Harper and McGuinty should look to Sir John A. on debt
TheGlobeandMail.com – news/politics/second-reading/andrew-steele
Posted on Thursday, April 12, 2012. Andrew Steele
For Stephen Harper, Dalton McGuinty, Jean Charest and our other first ministers, the temptation when public finances are bad is to think small.
Let’s cut a little here, trim back our vision there, and eventually things will be okay.
But Confederation provides a stirring example of why thinking big is exactly what we need to do in the face of public debt.
The 1860s were a stomach-churning time for Canadian colonialists, one of the most unsettled and exciting periods in our existence. The world was bending into shapes previously unimagined, and British colonists in North America needed to think bravely or collapse.
Forcing our hand, the British were changing from doting imperial parents to neglect.
Canada’s early colonies grew up with the privilege of British mercantile policy. In other words, Canadians had privileged access for our goods to the largest, wealthiest market in the world: the United Kingdom. Just about everyone else on the planet – American, French, Argentina – faced steep taxes on their products if they were sold in London.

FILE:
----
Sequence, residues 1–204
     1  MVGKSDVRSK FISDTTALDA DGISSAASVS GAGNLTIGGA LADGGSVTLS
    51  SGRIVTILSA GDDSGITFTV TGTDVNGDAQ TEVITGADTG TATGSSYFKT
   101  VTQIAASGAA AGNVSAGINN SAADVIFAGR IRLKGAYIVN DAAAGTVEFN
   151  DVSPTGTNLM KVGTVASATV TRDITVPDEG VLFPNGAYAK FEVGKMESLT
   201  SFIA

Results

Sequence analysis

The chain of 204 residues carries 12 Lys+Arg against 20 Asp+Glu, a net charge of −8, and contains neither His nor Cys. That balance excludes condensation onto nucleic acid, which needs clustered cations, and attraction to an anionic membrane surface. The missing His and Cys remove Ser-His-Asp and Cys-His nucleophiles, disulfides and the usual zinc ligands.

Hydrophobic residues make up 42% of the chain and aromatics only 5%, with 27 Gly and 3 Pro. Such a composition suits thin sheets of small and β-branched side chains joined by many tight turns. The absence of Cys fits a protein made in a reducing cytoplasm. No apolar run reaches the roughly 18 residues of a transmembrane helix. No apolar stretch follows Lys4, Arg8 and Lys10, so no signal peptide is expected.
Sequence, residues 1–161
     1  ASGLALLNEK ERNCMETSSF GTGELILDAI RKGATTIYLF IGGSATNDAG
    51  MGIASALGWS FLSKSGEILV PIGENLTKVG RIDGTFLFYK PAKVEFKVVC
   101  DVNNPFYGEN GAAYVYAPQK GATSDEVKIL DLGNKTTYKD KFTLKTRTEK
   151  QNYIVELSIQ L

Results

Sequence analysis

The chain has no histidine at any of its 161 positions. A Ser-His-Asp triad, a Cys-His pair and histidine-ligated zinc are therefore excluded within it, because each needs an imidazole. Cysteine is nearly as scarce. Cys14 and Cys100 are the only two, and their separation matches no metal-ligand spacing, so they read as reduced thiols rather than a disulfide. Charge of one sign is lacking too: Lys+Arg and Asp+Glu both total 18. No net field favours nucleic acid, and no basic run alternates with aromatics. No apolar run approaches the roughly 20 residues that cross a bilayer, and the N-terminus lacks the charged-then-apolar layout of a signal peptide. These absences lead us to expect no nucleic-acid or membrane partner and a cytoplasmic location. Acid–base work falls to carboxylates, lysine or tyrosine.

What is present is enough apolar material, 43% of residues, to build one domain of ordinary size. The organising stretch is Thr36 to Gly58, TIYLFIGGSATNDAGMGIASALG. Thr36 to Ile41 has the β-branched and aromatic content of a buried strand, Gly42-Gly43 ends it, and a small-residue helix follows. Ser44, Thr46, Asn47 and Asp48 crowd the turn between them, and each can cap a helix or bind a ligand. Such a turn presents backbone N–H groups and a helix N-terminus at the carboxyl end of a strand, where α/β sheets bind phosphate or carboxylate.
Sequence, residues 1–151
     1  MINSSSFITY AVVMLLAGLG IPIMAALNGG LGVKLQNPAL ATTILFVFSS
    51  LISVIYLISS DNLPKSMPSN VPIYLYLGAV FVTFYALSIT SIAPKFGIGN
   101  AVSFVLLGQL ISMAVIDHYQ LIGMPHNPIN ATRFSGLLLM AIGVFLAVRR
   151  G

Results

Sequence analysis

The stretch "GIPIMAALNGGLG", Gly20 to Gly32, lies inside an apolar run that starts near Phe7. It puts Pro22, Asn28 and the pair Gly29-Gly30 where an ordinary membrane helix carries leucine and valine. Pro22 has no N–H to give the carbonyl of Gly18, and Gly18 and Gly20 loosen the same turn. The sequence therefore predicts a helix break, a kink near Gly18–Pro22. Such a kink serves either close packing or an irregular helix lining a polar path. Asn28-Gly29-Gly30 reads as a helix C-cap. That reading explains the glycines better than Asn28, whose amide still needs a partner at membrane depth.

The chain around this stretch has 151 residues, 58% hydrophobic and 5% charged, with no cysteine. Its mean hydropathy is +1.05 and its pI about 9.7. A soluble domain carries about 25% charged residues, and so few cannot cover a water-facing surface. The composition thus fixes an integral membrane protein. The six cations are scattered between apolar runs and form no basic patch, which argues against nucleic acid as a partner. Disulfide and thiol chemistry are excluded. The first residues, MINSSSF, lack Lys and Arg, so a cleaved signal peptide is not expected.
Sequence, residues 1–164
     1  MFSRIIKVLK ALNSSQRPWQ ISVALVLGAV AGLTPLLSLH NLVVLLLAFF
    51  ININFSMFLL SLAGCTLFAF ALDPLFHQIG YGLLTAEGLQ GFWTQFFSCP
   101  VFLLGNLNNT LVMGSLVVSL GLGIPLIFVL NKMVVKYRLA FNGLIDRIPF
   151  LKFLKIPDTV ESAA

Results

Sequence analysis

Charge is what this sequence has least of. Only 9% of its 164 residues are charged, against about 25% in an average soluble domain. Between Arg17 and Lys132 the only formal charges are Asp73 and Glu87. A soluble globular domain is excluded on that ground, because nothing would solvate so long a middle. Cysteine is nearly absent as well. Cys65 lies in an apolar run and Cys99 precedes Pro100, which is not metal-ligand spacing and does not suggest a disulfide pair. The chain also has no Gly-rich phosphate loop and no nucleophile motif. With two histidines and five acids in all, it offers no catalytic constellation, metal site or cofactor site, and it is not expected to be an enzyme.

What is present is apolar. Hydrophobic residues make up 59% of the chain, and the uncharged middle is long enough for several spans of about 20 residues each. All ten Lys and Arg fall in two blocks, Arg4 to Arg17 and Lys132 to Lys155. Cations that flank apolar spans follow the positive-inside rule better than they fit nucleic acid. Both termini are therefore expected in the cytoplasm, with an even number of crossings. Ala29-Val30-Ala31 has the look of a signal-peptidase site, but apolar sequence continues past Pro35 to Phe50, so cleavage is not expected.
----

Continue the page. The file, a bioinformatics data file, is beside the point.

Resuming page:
With the advent of free trade and responsible government, the age of infant Canada ended and our colonial forbearers had to face the cold hard world on their own.
Losing our privileged access to Britain, Canada entered into a free trade agreement with the United States beginning in 1854. We wanted access to the American market, now that the British one no longer gave us preference.
However, the American Civil War exposed Canadians to the full terror of total war to their south, and the growing American imperialism of the 19th century was no longer aimed at Mexico but squarely at subsuming the vast territory of the North-West between the tiny British Columbia colony and those in the East.
Free trade with the Americans was a dangerous game, and one that the Americans were increasingly unwilling to play.
British footsie with the Confederates turned Northern attitudes against Canada, and calls for invasion were not rare. Irish-American raiders were marauding across the border to wreck and plunder. The Americans began to erect tariff walls against Canadian goods, ending free trade for a hundred years.
Worst of all, Canada lost the race to open the new markets in the American Midwest, and practically went bankrupt in the attempt.
As Rotman lecturer and colleague J.C. Bourque recently noted, the Rowell-Sirois Report from 1940 includes a fascinating chapter on Canada’s pre-Confederation economic origin as a collection of over-extended debtor colonies.
Commercial interests in Montreal pressed to create a seaway along the St. Lawrence River that would allow the Great Lakes to serve as the highway to the American interior. With free trade, our passageway would become the transit point on the future North American economy, creating vast wealth and opening up our own landlocked farmers to the global economy.
It would be Montreal, they thought, not New York that would be the new port to the world, a glittering financial capital growing fat on cargo and credit.